Love Finds You in North Pole, Alaska

By: Loree Lough

He glanced up and down Mistletoe Drive, where tour buses and RVs lined the curb. Even in his present mood, Bryce couldn’t help but smile at the joyous laughter of children, harmonizing with Brenda Lee’s rendition of “Jingle Bell Rock” emanating from the loudspeakers. He took a deep breath of clean Alaska air and shook his head, thinking of the To Do list he’d scribbled that morning. Except for “haircut,” not a single item had been checked off. But since it wouldn’t turn dark for nearly nineteen hours yet, he’d have more than enough daylight to get everything done.

Shoving both hands into the front pocket of his sweatshirt, he hiked toward Snowman Lane. Despite the bright day, the air held a dry chill, making him wish he’d grabbed a jacket before leaving his apartment above Rudolph’s.

His parents’ shop came into view, and it was more than enough to raise his hackles. His dad had tinkered and fiddled with the hideous two-story white structure until it became a flat-faced replica of Santa’s sleigh, and above the door stood the biggest, ugliest reindeer ever crafted from wood and metal. The deer grinned stupidly around a thick chain that supported a crimson sign, where softball-sized light bulbs spelled out RUDOLPH’S CHRISTMAS EMPORIUM. As if all that wasn’t high enough on the tacky scale, Rudolph’s nose—a gigantic, red-glowing ball—blinked to the beat of whatever tune blared from the store’s speakers.

Today, “Jingle Bells” twittered from above, and Bryce gritted his teeth as he yanked open the shiny green door, upsetting a dozen strands of tinkling gold bells hanging from the doorknob.

“Well, looky what the wind blew in.”

Bryce’s face softened. “’Mornin’,” he answered. His mood had brightened instantly, because as much as he hated Christmas, he loved his aunt Olive ten times more.

“I thought you were gonna get a haircut,” she teased when he whipped off his cap.

Running a hand along the short, flat surface of his hairdo, Bryce laughed. “I did!”

Olive harrumphed and went back to labeling snow globes covering the glass-and-stainless counter. “Coulda fooled me.”

Since his parents’ tragic deaths, Aunt Olive had been his only family. But if the truth be told, she’d filled that role long before they died. As he’d winged his way from the Afghan village where he’d been stationed, it had been Olive who’d arranged the memorial service, and by the time he arrived in North Pole, she’d put in her resignation at the elementary school. “I need a change,” she’d said when the last of the mourners left the church basement. “Soon as you head back overseas, I’ll manage Rudolph’s. By the time you retire, I’ll have the place running like a top…and paying for itself.” As his parents’ only child, Bryce had inherited the shop—along with a hefty mortgage and a stack of unpaid bills. He knew Olive had done her level best to keep that promise. It wasn’t her fault that a dozen other stores in North Pole sold similar merchandise.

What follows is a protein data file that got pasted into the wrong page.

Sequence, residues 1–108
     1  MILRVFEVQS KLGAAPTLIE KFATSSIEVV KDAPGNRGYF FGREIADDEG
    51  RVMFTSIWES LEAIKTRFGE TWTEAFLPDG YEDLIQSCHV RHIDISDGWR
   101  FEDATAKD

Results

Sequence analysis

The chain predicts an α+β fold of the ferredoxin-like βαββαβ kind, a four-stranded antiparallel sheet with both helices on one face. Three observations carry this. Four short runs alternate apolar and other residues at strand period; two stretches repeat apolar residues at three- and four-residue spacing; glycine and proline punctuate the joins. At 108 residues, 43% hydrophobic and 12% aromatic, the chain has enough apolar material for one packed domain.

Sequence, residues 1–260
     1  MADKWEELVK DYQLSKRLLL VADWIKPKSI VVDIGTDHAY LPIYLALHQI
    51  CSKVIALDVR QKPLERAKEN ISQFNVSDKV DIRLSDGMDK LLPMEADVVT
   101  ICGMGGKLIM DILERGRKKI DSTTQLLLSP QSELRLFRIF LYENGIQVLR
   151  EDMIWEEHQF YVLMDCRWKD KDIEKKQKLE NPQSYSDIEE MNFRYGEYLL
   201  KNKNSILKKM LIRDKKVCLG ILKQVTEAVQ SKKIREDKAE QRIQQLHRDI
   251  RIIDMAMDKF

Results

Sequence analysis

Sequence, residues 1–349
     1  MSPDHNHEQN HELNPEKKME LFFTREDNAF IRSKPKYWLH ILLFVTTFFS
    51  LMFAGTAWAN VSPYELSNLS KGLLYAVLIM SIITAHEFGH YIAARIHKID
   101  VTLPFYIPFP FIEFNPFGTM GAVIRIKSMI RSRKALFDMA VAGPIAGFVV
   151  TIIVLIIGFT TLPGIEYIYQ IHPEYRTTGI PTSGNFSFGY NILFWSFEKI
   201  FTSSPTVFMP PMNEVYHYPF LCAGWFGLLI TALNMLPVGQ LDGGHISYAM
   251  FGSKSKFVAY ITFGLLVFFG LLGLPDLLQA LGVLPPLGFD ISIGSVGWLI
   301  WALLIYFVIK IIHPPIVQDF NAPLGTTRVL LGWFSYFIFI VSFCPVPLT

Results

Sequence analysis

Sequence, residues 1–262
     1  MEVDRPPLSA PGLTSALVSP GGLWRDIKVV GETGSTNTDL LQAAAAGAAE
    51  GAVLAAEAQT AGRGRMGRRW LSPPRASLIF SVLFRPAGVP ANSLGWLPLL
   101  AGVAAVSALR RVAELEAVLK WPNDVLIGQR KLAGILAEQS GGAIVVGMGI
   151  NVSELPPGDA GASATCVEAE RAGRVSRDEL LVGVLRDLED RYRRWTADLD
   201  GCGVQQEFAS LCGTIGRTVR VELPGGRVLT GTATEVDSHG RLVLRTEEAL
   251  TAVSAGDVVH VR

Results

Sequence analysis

Bryce leaned on the counter and covered her hands with his. “Wish I could change your mind about retiring.”

Olive winked. “If wishes were fishes…”

“I’ll be lost without you,” he said, meaning it.

“Pish posh,” she said and, waving his admission away, began counting on her fingers. “You’ve jumped out of airplanes into enemy territory, slept in foxholes, gotten shot at, dodged land mines—except for one—and escaped from a POW camp, yet dealing with a few Christmas shoppers scares you?” She laughed. “You’re weird, nephew!”

“Well, when you put it that way…” Bryce shrugged. “Besides, I suppose it is time you did something for Olive for a change.” To his knowledge, her plan for an extended vacation in sunny Florida marked the second thing she’d ever done for herself. Decades of caring for her aging parents had freed her brother to play shopkeeper. It didn’t seem to matter to anybody, least of all Bryce’s dad, that he was a horrible businessman. Bryce often wondered if his parents even realized that Olive’s “do the right thing” mindset had required her to sacrifice any hope of having a life of her own.

“I couldn’t agree more,” she said, slapping a price label onto another snow globe. Setting it aside, Olive began humming along with Bing Crosby as he crooned the words to “White Christmas.”

Bryce wondered how she’d react when he confessed that he’d been talking to a real estate agent with ties to a national chain about selling the place. And that once it sold, he’d use the proceeds to turn his lifelong dream of opening a carpentry shop into reality. His dad hadn’t left him a dime, but he did leave a few decent tools. If they hadn’t rusted from lack of use and storage in the cold, damp garage, Bryce might just get a jump start on crafting sample pieces that would show buyers what he was capable of. Over the years, during weeklong furloughs, he’d designed and built an armoire, a roll-top desk, a dresser, and a kids’ rocking chair. But he’d need more than that if he hoped to eke out a modest living from the trade…especially in a town where Christmas was the main draw.

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